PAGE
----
Maronite Catholics in Damascus are seeking ways to reach out to the marginalized, despite restrictions to curb the spread of COVID-19 and the U.S. sanctions against Syria, known as the Caesar Act, which came into effect last June.
Archbishop Samir Nassar of the Maronite Archeparchy of Damascus said the faithful are “trying to find a new way of reaching out to others with a newly formed pastoral approach.”
“This is especially aimed at meeting and helping those living on the outskirts of the city, giving them a possible renewal of life based on the Gospels and a church more connected to their daily lives,” he said in a message he issued at Christmas.
The country, now in its 10th year of war, is also facing “real economic hardship,” he said.
The implementation of the Caesar Act has resulted in continued shortages of food and fuel, as well as skyrocketing inflation. Money belonging to the Syrian people has been blocked in Lebanese banks since October 2019, he said.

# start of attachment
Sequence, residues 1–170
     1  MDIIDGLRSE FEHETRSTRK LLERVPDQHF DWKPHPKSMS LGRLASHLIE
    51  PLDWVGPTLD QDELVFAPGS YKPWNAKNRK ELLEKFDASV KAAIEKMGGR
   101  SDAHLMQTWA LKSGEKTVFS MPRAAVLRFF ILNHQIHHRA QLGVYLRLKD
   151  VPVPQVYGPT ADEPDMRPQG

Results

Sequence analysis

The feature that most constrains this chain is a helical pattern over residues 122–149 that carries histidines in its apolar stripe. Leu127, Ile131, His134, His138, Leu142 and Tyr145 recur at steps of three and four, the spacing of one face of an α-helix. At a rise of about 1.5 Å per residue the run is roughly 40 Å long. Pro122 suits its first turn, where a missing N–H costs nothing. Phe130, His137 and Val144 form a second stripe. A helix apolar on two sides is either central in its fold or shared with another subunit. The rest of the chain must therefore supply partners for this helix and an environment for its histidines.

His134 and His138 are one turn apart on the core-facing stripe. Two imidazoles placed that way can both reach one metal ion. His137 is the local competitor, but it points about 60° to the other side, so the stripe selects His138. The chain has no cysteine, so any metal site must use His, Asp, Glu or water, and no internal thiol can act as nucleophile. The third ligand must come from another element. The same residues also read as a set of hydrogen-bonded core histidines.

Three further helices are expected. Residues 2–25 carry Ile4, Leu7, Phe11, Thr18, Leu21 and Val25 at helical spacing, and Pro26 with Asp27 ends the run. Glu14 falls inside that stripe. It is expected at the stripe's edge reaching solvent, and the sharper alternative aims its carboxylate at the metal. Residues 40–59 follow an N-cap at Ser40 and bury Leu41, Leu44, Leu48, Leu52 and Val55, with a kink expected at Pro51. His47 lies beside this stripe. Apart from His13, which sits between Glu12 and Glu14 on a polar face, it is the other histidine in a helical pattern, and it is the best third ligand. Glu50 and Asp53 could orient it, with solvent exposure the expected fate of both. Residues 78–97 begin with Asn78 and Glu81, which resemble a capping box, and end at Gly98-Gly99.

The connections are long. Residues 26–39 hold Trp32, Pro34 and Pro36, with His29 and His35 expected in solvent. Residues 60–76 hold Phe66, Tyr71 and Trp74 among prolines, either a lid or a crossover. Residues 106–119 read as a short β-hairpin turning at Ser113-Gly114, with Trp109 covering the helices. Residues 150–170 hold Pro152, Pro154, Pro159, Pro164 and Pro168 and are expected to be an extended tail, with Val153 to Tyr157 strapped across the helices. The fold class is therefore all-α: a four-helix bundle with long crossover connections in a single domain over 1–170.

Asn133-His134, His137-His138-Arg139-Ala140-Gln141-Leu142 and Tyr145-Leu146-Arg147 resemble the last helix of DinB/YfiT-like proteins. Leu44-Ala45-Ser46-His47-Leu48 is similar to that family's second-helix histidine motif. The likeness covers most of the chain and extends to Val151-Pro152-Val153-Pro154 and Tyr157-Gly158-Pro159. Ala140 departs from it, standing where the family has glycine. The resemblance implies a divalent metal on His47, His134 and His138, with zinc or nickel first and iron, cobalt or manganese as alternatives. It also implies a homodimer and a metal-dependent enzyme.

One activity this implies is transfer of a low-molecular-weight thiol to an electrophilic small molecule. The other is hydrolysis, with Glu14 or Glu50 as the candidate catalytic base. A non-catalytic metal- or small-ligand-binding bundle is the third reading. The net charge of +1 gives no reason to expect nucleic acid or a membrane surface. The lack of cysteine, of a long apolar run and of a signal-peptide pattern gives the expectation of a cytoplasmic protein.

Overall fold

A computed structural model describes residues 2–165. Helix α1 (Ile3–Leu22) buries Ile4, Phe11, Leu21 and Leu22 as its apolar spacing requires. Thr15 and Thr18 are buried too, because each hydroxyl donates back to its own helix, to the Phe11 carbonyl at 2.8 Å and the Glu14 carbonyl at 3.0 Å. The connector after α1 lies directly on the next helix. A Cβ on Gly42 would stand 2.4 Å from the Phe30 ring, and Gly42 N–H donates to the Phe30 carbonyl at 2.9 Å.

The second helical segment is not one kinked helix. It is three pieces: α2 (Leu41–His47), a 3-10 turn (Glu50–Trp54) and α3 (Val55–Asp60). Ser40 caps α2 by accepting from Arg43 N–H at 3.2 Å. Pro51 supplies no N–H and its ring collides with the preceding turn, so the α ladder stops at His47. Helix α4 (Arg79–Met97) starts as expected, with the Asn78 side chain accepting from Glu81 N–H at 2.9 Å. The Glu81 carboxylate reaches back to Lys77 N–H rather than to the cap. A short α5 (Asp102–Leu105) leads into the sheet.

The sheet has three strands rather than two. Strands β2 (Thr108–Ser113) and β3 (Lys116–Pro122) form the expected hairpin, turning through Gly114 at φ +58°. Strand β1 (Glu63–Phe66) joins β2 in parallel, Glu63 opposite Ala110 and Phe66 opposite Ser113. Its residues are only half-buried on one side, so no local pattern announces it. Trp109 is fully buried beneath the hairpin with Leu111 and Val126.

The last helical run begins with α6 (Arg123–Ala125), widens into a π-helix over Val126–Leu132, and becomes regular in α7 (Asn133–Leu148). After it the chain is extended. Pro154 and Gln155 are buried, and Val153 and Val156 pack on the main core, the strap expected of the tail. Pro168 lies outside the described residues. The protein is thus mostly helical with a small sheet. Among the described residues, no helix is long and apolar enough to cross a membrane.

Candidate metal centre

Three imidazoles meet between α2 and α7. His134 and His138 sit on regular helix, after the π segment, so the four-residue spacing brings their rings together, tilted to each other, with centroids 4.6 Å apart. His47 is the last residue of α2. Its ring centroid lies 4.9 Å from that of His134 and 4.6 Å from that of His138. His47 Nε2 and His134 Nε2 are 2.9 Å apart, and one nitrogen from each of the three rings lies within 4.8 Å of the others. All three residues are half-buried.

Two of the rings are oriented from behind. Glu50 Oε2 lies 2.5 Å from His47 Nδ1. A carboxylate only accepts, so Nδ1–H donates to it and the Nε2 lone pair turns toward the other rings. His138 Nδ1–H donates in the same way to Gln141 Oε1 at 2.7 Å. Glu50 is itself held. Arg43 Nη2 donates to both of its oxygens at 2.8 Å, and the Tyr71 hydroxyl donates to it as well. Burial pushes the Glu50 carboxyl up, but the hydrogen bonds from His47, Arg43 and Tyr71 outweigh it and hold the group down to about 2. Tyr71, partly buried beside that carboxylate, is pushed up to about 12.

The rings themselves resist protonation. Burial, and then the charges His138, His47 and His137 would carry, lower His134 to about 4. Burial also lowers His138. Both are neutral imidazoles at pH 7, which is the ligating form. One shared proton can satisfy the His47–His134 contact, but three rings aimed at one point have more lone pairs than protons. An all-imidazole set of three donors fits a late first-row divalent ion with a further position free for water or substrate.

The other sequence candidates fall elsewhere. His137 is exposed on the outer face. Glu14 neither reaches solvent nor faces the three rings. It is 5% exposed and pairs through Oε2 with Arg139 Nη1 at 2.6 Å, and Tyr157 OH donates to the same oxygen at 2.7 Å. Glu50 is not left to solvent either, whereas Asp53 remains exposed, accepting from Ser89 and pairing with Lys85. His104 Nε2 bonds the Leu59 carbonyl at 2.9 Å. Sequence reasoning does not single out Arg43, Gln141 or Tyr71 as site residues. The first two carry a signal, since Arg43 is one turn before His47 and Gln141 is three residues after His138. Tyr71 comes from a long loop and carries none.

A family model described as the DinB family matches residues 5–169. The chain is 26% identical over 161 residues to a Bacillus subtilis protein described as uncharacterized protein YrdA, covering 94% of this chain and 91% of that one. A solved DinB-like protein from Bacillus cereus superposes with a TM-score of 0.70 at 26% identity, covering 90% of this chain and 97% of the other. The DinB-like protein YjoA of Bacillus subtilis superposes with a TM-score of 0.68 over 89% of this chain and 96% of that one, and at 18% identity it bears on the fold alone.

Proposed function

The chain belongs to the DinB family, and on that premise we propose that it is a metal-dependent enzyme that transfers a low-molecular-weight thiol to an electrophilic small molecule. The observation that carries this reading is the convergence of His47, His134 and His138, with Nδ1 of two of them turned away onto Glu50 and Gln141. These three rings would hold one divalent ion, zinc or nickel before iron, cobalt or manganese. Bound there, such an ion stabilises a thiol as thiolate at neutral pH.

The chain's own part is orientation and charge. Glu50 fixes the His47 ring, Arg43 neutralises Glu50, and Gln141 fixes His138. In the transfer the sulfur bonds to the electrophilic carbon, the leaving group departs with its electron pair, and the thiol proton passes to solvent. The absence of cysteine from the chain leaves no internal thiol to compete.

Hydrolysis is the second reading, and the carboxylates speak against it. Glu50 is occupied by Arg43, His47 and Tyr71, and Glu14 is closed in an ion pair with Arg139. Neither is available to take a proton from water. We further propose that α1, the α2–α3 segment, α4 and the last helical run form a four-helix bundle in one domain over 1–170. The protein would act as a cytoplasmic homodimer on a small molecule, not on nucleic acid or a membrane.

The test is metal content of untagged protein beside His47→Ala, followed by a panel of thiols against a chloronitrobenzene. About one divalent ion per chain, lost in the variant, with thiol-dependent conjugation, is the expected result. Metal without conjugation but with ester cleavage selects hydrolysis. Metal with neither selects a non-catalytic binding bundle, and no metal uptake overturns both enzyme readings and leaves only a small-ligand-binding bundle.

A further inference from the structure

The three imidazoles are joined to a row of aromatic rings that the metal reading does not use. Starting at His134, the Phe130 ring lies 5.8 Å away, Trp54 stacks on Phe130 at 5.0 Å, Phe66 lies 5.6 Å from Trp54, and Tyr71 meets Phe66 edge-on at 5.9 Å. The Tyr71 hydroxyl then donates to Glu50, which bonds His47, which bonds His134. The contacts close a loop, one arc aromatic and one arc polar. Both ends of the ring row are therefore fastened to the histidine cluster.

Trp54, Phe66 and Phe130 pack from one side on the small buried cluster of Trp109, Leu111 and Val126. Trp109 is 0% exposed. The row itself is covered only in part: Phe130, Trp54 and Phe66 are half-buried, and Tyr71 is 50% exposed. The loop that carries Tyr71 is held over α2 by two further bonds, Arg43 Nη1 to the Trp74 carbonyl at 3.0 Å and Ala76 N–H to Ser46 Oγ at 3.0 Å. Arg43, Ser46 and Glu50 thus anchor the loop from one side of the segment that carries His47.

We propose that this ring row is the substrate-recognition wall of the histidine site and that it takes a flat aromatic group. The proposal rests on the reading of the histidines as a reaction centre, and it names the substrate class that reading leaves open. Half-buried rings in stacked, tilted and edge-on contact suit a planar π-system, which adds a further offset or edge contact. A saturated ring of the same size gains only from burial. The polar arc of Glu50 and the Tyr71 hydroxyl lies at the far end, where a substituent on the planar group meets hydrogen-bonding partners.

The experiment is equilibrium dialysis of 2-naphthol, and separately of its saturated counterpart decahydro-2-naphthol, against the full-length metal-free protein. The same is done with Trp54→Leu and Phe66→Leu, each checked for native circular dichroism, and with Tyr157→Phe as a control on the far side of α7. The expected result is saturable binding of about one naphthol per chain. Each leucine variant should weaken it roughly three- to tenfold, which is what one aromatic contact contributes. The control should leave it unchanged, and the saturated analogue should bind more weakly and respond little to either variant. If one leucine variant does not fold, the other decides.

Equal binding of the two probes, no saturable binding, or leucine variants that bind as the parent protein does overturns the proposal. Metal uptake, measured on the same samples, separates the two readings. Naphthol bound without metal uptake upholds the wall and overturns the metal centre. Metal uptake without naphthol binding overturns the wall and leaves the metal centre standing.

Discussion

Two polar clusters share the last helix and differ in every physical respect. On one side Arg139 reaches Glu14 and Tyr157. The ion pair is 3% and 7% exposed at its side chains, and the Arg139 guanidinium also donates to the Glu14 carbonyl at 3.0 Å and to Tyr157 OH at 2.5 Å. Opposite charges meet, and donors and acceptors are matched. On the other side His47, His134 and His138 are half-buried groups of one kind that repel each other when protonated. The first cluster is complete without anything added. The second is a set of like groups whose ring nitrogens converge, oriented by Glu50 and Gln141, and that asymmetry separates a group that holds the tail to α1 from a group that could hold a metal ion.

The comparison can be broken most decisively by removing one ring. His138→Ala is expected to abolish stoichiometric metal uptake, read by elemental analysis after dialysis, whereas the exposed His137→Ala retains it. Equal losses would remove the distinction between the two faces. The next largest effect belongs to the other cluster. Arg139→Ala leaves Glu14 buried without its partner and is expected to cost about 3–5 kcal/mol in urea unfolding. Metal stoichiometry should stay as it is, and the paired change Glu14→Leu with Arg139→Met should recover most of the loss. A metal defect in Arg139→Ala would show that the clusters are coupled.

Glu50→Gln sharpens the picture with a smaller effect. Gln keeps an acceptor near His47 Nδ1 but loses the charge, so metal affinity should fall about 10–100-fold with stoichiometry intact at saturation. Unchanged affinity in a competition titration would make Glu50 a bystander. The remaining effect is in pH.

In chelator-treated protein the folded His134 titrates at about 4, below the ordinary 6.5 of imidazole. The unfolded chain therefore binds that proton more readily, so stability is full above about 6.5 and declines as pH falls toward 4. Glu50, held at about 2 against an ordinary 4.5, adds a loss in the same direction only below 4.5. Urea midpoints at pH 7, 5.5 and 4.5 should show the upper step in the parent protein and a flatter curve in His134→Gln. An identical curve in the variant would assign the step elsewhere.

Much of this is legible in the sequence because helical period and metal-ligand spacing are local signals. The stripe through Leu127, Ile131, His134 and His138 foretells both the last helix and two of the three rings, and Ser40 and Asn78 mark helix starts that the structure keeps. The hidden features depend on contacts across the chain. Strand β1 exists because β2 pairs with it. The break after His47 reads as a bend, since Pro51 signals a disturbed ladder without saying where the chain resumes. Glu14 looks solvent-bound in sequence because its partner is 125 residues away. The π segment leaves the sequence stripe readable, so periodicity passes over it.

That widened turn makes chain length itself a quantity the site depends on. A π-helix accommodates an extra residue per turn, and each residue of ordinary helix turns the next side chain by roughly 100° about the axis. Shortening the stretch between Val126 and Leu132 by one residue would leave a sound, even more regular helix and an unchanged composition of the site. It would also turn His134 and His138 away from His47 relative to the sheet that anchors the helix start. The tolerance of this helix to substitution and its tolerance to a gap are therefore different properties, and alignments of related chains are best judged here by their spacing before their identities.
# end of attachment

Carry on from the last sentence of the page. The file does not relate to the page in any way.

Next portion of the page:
The situation in the medical sector continues to worsen, as medicines becomes less available and a growing number of doctors leaves the country, he added.
“COVID-19 has made the social life of the people almost unbearable and has added to their fear and solitude,” he said.
The closure of the borders with neighboring countries, “coupled with an obligatory coronavirus test at each crossing is an extra expense and, at times, a real problem for the families,” he added.
However, despite the obstacles, the faithful continue to participate in daily Mass and to receive Communion as they would normally, said the archbishop, “showing their trust in Divine Providence.”